Russell Mael

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Russell Mael
FFS (Franz Ferdinand & Sparks) @ Albert Hall, Manchester 25-8-2015 (20719607009).jpg
Russell Mael performing in 2015
Background information
Birth name Russell Craig Mael[1]
Born (1948-10-05) October 5, 1948 (age 68)
Los Angeles, California, U.S.
Genres
Occupation(s)
  • Singer
  • songwriter
  • record producer
  • recording engineer
  • film director
Instruments Vocals
Years active 1965–present
Labels
Associated acts
Website allsparks.com

Russell Craig Mael (born October 5, 1948)[1] is an American singer, songwriter and record producer.

Mael's music career spans more than 50 years. With his elder brother Ron, he formed the pop band Sparks in 1971, which was renamed from Halfnelson. He is also the co-founder of Lil' Beethoven Records.

Early life[edit]

Russell Craig Mael was born on October 5, 1948, in Los Angeles, California. The Mael brothers grew up in Pacific Palisades - a relatively affluent suburb of Los Angeles - with their father, Meyer Mael (of Russian and Austrian Jewish descent),[2][3] who was a graphic designer and caricaturist for the Hollywood Citizen-News,[4][5] and their mother, Miriam (née Moskowitz), a librarian.[6] After being educated at Palisades High School (where Russell, in the "Class of '65" alongside Michael Medved and David Wallechinsky, played as quarterback for the Palisades High School Dolphins), both brothers enrolled at UCLA;[7] Ron began a course in Cinema and Graphic Arts in 1963 while Russell studied Theater Arts and Filmmaking between 1966–1968.[8]

Sparks[edit]

Well known for his wide vocal range, Russell's most notable vocal trait is a far-reaching falsetto, especially evident on songs such as "Equator" from Sparks' Kimono My House album.[citation needed] He is also known for his flamboyant and hyperactive stage presence which contrasted sharply with Ron's deadpan scowling.

He has recorded 22 albums with his band, Sparks.[9] The band has a cult following around the world and are best known for the song "This Town Ain't Big Enough for Both of Us" which reached No. 2 on the UK Singles Chart.[10]

The pair appeared as themselves in the 1977 disaster film Rollercoaster, performing live. They also appeared in episode twenty-two of season six of the Gilmore Girls.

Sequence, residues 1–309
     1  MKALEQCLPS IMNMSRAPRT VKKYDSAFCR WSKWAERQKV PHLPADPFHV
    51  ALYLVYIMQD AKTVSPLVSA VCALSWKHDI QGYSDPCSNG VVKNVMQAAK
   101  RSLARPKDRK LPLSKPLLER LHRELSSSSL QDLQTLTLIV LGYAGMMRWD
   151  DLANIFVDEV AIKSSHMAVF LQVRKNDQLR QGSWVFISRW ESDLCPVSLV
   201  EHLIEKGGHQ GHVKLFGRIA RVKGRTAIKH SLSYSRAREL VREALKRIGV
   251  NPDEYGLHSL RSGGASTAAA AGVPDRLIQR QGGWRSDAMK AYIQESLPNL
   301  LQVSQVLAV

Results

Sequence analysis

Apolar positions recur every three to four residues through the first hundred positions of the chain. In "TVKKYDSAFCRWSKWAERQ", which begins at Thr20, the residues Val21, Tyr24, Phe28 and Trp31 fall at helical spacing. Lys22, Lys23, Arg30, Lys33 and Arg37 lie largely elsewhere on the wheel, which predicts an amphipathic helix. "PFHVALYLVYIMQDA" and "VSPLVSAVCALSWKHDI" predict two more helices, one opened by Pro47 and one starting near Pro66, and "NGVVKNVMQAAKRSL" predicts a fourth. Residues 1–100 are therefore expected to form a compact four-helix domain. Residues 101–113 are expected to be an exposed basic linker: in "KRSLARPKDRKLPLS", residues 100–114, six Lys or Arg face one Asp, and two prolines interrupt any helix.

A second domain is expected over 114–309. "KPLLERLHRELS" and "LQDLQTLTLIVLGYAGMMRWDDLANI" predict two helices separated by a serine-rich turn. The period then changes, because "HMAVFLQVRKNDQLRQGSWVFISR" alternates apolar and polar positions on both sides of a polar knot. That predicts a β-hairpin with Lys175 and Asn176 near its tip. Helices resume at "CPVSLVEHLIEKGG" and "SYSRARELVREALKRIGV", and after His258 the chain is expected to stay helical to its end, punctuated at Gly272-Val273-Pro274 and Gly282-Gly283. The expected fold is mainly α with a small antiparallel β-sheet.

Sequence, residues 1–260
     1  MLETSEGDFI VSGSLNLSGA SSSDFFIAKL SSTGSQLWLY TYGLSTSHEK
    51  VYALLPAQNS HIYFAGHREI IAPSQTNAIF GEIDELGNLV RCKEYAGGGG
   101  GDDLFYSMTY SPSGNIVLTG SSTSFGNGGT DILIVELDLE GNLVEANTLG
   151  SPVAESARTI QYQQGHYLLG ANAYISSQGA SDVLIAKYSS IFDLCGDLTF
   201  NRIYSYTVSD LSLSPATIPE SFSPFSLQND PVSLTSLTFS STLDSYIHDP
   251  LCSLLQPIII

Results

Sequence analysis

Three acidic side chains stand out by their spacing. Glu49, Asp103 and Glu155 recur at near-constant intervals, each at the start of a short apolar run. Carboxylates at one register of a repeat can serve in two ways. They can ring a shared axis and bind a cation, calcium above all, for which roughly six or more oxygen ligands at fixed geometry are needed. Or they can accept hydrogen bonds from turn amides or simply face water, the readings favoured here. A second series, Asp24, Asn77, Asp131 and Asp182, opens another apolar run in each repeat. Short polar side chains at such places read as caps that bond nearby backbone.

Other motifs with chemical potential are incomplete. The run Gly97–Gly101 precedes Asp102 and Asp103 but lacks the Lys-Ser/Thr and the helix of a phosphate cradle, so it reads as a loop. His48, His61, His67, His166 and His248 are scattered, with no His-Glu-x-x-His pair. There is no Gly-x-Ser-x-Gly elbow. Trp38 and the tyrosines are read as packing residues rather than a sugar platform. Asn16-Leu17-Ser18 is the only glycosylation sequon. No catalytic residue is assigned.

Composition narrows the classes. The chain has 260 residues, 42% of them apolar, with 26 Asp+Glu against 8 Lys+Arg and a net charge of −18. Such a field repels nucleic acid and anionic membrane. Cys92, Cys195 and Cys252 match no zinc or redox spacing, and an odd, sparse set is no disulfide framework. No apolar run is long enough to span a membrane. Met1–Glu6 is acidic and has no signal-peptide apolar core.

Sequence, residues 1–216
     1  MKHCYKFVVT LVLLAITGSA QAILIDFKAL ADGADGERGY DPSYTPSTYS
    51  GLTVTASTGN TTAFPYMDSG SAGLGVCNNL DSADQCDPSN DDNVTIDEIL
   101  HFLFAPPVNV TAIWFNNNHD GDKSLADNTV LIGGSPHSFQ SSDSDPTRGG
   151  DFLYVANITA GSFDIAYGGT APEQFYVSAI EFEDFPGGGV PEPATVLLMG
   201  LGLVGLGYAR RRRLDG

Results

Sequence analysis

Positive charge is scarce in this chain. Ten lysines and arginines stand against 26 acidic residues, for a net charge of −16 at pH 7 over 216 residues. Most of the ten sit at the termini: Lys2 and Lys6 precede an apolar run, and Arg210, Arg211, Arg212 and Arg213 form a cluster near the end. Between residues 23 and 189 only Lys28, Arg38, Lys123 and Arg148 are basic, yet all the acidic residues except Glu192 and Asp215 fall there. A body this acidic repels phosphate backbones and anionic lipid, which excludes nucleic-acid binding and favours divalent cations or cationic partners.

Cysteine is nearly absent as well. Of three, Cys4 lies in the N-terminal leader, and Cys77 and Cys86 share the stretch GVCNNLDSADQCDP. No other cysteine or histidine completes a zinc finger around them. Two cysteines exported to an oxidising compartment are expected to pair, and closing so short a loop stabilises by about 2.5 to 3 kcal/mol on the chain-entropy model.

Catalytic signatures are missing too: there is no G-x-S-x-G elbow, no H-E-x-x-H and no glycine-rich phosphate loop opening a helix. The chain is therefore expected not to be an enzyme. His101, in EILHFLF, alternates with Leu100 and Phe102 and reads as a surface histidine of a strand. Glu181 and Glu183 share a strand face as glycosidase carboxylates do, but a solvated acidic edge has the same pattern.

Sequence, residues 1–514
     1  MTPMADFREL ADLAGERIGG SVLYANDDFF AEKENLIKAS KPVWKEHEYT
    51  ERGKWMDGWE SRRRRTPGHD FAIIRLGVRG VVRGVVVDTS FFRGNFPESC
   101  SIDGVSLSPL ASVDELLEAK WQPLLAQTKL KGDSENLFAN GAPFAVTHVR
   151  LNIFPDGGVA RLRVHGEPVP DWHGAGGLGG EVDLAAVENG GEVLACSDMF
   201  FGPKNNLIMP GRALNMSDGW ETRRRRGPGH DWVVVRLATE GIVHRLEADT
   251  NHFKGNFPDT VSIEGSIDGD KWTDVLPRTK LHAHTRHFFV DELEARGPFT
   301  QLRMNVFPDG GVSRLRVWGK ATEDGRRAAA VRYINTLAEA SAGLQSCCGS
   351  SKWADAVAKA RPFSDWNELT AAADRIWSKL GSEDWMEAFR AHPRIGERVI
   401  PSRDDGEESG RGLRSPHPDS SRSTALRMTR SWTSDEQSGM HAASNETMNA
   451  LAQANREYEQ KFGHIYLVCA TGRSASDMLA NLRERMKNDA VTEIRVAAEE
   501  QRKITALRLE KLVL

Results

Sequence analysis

In 2015, Sparks collaborated with the Scottish rock band Franz Ferdinand under the identity FFS. One of their first tracks was entitled "Collaborations Don't Work". The supergroup was interviewed on BBC Radio 6 Music on April 27, 2015 and announced they would be appearing on Later... with Jools Holland on April 30th 2015 and were to appear at Glastonbury Festival that summer.

Discography[edit]

With Sparks

Year Album
1971 Halfnelson
1973 A Woofer in Tweeter's Clothing
1974 Kimono My House
1974 Propaganda
1975 Indiscreet
1976 Big Beat
1977 Introducing Sparks
1979 No. 1 in Heaven
1980 Terminal Jive
1981 Whomp That Sucker
1982 Angst in My Pants
1983 In Outer Space
1984 Pulling Rabbits Out of a Hat
1986 Music That You Can Dance To
1988 Interior Design
1994 Gratuitous Sax & Senseless Violins
1997 Plagiarism
2000 Balls
2002 Lil' Beethoven
2006 Hello Young Lovers
2009 Exotic Creatures of the Deep
2017 Hippopotamus

With FFS

Year Album
2015 FFS

References[edit]

  1. ^ a b California Birth Index, 1905 - 1995, [1]
  2. ^ "1940 United States Federal Census". Ancestry.com. Retrieved November 8, 2012. 
  3. ^ Axelrod, Merry Anne. "Re: (It's A Samuel) Mael World". Genealogy.com. Retrieved November 8, 2012.  [The author is a cousin of Russell and Ron; her father, Alvin, is listed as being Meyer's brother on the 1940 census]
  4. ^ "Myer Mael: "Roy Rogers" Object Record". Billy Ireland Cartoon Library & Museum. Retrieved November 8, 2012. 
  5. ^ "Harrietta Hughes on the cover of Republic Insider Magazine 1947". Flickr.com. Retrieved November 8, 2012. 
  6. ^ Lorente-Darracq, Xavier. "Ron Mael and Russell Mael - Biography". Graphik Designs. Retrieved November 8, 2012. 
  7. ^ Welch, Chris. "Bright Sparks". Melody Maker. Retrieved November 8, 2012. 
  8. ^ Lorente-Darracq, Xavier. "op. cit.". Graphik Designs. 
  9. ^ Ankeny, Jason. "Sparks: Biography". Allmusic. Retrieved April 21, 2011. 
  10. ^ "Singles". Chart Stats. Archived from the original on July 23, 2012. Retrieved April 21, 2011. 

External links[edit]